Anyone still doubting the power (and use) of social media need only look as far as Greenpeace’s latest campaign against Nestle using unsustainable palm oil in its products (namely Kit Kat) Victory: Nestle gives orang-utans a break.
Greenpeace’s aim was to alert people of Nestle’s links to deforestation in Indonesian rainforests and the destruction of orang-utan habitats, and ultimately to get Nestle to stop using products, or suppliers, associated with palm oil that is not sourced sustainably.
So began a campaign using social media. Greenpeace created a video that went viral on YouTube. In only 24 hours the campaign had gone global, to date achieving over 1 million views.
People around the world responded using social media sites such as Twitter and Facebook to let Nestle know, in no uncertain terms, how unhappy they were with the global food giant.
However, Nestle didn’t only get flak over palm oil, it also erred through its inappropriate use of social media (trying to take down posts and ‘talking down’ to visitors to its Facebook page). By not understanding the role of social media and the way people use it to interact with big corporations Nestle worsened its public perception rather than improving it. The outcome, two months after this social media campaign began, is that on 17 May Nestle announced it had taken certain measures to use ‘responsible sourcing guidelines’ for palm oil.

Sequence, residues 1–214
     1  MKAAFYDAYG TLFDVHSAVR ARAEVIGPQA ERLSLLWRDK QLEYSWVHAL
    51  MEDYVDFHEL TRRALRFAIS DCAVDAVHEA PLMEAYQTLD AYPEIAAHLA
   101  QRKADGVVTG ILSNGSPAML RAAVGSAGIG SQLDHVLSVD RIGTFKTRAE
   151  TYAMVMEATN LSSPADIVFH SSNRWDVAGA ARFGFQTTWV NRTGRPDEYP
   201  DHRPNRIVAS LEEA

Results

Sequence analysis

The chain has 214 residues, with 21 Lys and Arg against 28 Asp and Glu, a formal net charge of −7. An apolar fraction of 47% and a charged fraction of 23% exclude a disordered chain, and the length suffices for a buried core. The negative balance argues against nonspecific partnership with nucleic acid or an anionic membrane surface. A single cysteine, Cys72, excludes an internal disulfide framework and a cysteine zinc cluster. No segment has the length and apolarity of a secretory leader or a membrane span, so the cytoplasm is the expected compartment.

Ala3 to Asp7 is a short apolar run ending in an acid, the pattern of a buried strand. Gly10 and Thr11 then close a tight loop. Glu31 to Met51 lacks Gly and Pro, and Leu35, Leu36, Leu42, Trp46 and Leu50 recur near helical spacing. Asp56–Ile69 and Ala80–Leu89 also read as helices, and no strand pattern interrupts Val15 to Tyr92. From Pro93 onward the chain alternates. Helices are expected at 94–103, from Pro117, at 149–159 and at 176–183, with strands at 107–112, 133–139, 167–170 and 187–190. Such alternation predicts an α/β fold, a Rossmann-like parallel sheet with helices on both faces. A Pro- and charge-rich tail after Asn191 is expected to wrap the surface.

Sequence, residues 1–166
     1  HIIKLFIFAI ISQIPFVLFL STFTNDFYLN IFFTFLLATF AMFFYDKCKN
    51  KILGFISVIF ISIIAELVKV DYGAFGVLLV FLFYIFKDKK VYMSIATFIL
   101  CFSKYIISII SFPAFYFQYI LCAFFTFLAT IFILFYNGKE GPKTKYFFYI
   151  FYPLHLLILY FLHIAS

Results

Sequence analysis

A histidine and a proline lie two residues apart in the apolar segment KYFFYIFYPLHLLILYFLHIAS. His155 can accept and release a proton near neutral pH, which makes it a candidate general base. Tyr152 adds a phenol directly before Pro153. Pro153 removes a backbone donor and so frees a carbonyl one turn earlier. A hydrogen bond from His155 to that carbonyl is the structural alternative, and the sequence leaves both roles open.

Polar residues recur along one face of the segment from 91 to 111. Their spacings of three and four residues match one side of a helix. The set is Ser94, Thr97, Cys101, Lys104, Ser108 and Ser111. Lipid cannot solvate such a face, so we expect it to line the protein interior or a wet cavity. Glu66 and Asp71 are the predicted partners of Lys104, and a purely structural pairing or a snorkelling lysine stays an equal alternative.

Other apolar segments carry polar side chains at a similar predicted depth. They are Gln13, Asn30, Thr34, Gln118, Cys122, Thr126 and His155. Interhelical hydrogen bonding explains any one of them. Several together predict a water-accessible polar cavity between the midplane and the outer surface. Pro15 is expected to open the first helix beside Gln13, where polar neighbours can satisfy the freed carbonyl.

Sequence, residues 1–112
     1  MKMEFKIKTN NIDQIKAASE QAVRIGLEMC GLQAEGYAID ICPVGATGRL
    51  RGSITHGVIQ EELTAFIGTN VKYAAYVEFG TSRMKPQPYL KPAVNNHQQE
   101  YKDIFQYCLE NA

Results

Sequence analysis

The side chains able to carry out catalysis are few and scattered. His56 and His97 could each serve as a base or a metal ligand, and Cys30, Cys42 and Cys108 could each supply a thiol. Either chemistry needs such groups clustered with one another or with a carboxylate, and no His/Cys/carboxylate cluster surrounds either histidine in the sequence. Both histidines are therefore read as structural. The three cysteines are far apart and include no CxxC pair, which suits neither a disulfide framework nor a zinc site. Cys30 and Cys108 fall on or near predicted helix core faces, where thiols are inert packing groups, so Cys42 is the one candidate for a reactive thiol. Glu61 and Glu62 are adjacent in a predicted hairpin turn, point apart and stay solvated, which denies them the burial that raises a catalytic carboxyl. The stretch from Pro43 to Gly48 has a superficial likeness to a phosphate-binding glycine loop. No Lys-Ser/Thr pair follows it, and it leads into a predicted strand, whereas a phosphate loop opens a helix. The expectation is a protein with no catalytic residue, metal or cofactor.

Another example of a large global company currently undergoing a social media pummeling is oil giant BP. People around the world are using social media to express their unhappiness with BP, which is in crisis management due to an unprecedented oil spill in the Gulf of Mexico. Once again, using Twitter, Facebook and YouTube, there is a global outcry around the world about the way BP has (or hasn’t) handled the crisis. You only need to look at BP’s facebook page to see that the company is not a favoured brand at the moment and has a lot of cleaning up to do (pardon the pun!).
Social media allows individuals to have a united voice in a very public arena, which companies can’t ignore if they want to maintain positive customer relations and share price.
There are some lessons to be learnt from these recent events, one of them being that social media is a very fast and effective way for the average ‘Joe’ to get their message across, and that for brands to remain relevant to their customers they must use social media honestly and appropriately.